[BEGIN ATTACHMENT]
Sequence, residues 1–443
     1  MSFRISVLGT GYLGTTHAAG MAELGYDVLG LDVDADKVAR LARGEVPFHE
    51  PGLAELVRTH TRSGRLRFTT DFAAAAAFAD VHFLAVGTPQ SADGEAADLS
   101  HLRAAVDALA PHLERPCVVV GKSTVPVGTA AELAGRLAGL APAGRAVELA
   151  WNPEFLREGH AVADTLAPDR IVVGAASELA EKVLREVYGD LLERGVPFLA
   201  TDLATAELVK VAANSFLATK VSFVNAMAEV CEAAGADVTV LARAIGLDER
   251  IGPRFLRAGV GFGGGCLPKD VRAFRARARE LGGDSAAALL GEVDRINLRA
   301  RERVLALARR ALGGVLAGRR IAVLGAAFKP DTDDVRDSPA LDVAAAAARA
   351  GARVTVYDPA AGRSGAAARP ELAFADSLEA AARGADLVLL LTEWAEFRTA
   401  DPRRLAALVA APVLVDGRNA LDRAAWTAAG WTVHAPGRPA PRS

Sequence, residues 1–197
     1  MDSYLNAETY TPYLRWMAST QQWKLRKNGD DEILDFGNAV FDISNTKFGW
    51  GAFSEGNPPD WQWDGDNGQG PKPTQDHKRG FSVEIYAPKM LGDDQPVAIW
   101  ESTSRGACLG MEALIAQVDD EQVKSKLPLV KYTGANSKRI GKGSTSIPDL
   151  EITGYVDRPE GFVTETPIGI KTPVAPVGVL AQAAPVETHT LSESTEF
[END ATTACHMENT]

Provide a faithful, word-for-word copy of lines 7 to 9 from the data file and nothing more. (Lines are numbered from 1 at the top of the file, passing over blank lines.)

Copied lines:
   251  IGPRFLRAGV GFGGGCLPKD VRAFRARARE LGGDSAAALL GEVDRINLRA
   301  RERVLALARR ALGGVLAGRR IAVLGAAFKP DTDDVRDSPA LDVAAAAARA
   351  GARVTVYDPA AGRSGAAARP ELAFADSLEA AARGADLVLL LTEWAEFRTA